Relatively Speaking is a throwback to another time in the world of genealogy. These are anecdotal stories to inspire those who search for their ancestors. Although, many of these stories are from before the world of computers and certainly the age of the internet, I believe that all of us have benefited from serendipity in our research.
My young cousin, Judy Bridger Hardwick, works for A. B. Dick Co. They handle office machines, computers, etc. They have offices all across the country, and send a list of employees to each office.
Judy noticed, on a list from San Francisco, the name of John Bridger. In a recent telephone conversation with that office she asked to speak to John Bridger.
When he answered she explained who she was and said she wondered what part of the country he came from. He said, ??ª?Ma??ª?am I hope it won??ª?t surprise you too much, but I am a Negro.??ª?
Although she was shocked for a moment, Judy said No, that she was sure there were people with the same names all over the United States.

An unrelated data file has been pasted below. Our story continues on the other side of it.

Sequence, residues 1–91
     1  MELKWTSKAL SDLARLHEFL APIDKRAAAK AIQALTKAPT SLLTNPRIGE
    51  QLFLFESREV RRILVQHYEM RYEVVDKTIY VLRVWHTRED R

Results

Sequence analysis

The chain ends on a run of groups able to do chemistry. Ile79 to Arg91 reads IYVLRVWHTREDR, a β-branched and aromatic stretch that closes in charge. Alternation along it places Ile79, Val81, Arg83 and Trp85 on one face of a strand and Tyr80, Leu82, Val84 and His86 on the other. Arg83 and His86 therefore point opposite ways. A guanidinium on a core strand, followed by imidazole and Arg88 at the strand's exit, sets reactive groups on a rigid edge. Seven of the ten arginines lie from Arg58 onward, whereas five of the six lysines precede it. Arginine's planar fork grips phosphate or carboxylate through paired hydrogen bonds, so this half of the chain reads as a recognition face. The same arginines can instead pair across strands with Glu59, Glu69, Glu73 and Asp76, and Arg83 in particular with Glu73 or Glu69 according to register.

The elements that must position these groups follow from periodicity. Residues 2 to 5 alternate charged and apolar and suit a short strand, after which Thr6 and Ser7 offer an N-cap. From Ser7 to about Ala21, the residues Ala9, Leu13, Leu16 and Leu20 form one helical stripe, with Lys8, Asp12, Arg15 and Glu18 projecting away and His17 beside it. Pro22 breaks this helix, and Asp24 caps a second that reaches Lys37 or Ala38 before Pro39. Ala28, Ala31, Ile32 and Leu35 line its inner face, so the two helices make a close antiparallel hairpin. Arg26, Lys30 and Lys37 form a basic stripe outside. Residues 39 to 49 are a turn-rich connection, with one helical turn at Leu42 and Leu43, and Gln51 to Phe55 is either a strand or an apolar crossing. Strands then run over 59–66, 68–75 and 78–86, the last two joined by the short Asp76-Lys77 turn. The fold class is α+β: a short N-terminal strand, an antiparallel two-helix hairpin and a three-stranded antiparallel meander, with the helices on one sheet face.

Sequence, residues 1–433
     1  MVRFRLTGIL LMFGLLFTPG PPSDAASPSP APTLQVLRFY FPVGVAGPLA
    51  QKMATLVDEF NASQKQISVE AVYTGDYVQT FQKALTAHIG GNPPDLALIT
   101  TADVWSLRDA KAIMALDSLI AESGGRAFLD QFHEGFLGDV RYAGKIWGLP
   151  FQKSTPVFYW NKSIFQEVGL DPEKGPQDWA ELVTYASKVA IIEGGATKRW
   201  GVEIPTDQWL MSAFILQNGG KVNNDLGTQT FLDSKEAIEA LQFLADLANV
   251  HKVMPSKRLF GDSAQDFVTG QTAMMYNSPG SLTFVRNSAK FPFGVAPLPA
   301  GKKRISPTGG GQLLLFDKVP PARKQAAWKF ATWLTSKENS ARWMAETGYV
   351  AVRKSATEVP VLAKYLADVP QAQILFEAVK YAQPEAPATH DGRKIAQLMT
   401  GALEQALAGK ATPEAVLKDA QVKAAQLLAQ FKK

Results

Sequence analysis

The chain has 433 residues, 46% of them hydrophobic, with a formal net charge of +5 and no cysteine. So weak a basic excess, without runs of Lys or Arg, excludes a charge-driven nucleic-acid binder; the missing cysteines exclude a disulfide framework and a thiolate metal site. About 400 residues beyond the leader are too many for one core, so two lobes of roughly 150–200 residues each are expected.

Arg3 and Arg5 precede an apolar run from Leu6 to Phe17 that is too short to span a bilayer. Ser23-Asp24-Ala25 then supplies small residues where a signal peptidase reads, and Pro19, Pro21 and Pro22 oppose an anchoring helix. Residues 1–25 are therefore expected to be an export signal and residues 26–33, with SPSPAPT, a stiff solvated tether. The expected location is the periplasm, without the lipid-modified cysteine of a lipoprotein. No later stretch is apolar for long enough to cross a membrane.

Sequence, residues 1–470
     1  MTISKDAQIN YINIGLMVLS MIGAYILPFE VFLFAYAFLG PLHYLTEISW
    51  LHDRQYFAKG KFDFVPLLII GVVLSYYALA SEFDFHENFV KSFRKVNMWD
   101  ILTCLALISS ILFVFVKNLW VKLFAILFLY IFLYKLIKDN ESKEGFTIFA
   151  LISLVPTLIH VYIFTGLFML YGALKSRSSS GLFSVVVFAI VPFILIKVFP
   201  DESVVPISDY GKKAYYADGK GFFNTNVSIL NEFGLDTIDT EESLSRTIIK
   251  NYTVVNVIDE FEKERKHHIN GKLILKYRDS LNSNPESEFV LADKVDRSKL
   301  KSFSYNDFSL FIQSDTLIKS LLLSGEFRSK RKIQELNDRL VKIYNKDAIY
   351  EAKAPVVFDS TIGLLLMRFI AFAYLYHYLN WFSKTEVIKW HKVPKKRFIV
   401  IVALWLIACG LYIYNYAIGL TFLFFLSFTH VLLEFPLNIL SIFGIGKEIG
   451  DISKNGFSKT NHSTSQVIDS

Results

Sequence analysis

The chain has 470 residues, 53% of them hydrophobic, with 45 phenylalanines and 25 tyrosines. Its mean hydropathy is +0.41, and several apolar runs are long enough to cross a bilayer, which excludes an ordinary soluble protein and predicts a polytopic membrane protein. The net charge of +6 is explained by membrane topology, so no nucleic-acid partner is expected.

He explained as follows: “Ma??ª?am, my great-grandfather was a slave to a Mr. Bridger in Mississippi. His name was ‘Big Black John’. After the Civil War he still worked for Mr. Bridger. When it came time for the United States Census Mr. Bridger asked him if he had ever had another name besides ‘Big Black John’. He said he didn’t know or remember any ??ª?? so Mr. Bridger said, ??ª?you will have to have a surname, or last name now, so since you have served me well I am going to give you my name. You will be John Bridger, provided you keep the name honest and honorable.”
“My great-grandfather did; my grandfather did; my father did, and I have. I served in World War II, and have lived many places and I have never met another Negro by the name of Bridger. I guess this is the end of the line, as I am 55 years old and have no children.”
This Mr. Bridger from whom John Bridger received his surname, was my great-grandfather, James B. Bridger and Judy??ª?s 3rd great uncle, three generations removed.